by Peter Phelps
It’s hard to argue with Leonardo da Vinci’s assertion that “water is the driving force of all nature”. Water lubricates the cells of all living things, from unicellular bacteria to large mammals, from microscopic phytoplankton to giant trees. It covers 70 per cent of the surface of the planet and it even makes up to 60 per cent of our own bodies. There are living things that do not require oxygen, but none that can survive without water.
At first glimpse, there seems to be plenty of water on earth. Photos from space show ours to be an astonishingly blue planet. But appearances can be deceptive. The survival of many living things, including humans, depends on freshwater, which comprises only two and a half per cent of the total. Most of this freshwater is locked up in icecaps and glaciers, mainly in Greenland and Antarctica, and as icecaps melt and merge with seawater much of it will be lost forever. The remaining freshwater is mostly deep underground or exists as moisture in the soil, meaning only something like one per cent of the planet’s fresh water is accessible to us. As Samuel Taylor Coleridge’s mariner laments, “water, water everywhere and not a drop to drink”.
Of course, the lucky third of us who live in wet or snowy climates have much greater access to freshwater than those living in arid regions. Regrettably, its local abundance has led us to squander it on our profligate lifestyles, particularly producing food we don’t need. The International Water Management Institute calculates that agriculture accounts for 90% of freshwater used globally, of which more than half is wasted. According to a UN report in 2020, the world remains in the grip of a deteriorating food crisis, with 142 million people across 40 countries facing extreme food scarcity, and yet a shocking one third of the food produced globally goes to waste. Wastage occurs all along the supply chain: on farms, in factories, during storage and distribution, at point of sale and in the home. Recent parliamentary data showed that nine and a half million tonnes of food was wasted in the UK in 2018, 70 per cent of it by households. The UK charity Waterwise says such waste equates to 243 litres of freshwater use per person per day, approximately one and a half times the daily average household use.
According to a UN report in 2020, the world remains in the grip of a deteriorating food crisis, with 142 million people across 40 countries facing extreme food scarcity, and yet a shocking one third of the food produced globally goes to waste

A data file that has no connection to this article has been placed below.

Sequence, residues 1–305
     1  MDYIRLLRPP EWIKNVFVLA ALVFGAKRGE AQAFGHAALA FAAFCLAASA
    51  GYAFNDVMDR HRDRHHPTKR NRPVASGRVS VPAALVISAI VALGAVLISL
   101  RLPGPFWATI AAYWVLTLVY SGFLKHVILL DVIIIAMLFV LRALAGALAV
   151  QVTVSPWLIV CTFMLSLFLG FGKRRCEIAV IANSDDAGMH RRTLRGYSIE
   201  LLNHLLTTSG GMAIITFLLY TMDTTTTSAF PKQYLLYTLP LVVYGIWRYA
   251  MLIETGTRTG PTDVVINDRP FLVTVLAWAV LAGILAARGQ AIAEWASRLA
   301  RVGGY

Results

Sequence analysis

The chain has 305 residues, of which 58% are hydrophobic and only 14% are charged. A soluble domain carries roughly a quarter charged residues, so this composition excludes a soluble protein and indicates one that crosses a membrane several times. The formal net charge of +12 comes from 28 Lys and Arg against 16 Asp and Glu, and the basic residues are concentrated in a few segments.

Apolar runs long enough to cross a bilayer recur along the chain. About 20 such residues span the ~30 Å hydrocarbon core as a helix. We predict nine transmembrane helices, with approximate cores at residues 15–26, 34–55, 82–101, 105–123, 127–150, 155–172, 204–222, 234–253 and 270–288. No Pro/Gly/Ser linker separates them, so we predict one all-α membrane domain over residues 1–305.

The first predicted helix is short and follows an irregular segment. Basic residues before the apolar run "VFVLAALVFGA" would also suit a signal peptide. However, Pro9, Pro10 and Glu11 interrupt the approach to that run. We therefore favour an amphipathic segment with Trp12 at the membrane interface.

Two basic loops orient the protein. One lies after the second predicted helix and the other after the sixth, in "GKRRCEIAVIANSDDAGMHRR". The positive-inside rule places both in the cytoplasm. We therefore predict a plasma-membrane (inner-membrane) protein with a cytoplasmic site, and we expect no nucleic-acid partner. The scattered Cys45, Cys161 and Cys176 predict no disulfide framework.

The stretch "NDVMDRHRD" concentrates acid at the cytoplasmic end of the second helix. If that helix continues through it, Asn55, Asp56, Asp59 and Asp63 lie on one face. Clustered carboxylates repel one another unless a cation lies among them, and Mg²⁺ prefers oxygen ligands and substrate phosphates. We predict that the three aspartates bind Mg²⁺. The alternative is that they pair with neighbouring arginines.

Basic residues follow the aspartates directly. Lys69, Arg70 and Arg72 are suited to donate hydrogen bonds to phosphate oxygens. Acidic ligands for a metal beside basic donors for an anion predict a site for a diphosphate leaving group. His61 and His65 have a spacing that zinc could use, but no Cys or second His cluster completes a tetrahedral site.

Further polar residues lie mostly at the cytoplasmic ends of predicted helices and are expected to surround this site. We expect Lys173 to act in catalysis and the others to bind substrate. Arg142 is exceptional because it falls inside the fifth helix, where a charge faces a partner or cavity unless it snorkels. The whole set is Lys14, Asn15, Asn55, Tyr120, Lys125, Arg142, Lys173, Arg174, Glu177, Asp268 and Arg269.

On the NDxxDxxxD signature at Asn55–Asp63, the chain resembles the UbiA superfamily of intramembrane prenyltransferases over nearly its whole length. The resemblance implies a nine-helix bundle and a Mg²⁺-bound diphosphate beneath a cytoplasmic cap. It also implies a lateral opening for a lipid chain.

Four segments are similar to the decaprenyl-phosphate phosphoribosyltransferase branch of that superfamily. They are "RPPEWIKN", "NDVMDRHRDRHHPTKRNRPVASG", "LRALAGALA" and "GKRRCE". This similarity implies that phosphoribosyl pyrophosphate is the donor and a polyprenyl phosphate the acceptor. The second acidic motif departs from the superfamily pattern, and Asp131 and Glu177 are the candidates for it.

There’s no single remedy to the freshwater shortage that affects the other two thirds of the world’s population, but curbing food waste is one way we can all make an impact. Water wasted on excess food imports could instead provide drinking water or replenish aquifers. But it’s not all down to consumers; a complete farm-to-fork remodelling of the food chain is required: more efficient irrigation, and growing crops that are less water-intensive and better suited to their environments. The hydrological cycle is perhaps the most complex aspect of the whole earth system, and our freshwater usage is only a part of the picture. It is inextricably linked with ocean pollution, overfishing and, of course, the whale in the room that is the climate crisis. The water challenges we face are not without a central irony – as freshwater becomes scarcer, sea levels are rising, swamping our cities. As we grapple with these complex challenges, we must be prepared to invest vast sums to protect water in all its forms. It is our most precious resource, fundamental to our societies and economies, and the continued existence of the whole natural world depends on it. As Alexandra Cousteau (granddaughter of the legendary Jacques-Yves Cousteau), the co-founder of the Oceans 2050 initiative aimed at global ocean restoration, has said: “Simply put, water is life”.
If water is our most precious natural resource, then surely children are our most precious human resource. So the government’s decision to ignore its own Education Recovery Commissioner’s advice and provide only a fraction of the funding required to help children catch up on lost learning will have long-term calamitous consequences. But Gavin Williamson is not the only minister who appears unfit for the major role he’s played in our children’s lives. As we go to print, the man once responsible for decisions affecting
their health, Matt Hancock, has been forced to resign. Dishing out contracts to cronies and lying to his colleagues wasn’t enough to secure his downfall, but an affair with a close friend he’d personally appointed as a colleague (and a massively hypocritical breach of his own guidelines) did the trick. The new Health Secretary, Sajid Javid, is a political heavyweight whose slate is relatively clean. Let’s hope he can survive longer than the six months he spent as Boris Johnson’s chancellor. With the Prime Minister’s own authority so compromised, there is a need in Cabinet for those who can help overcome the impression that the government is more interested in directing money towards feathering the nests of Tory donors than fighting for our children’s future.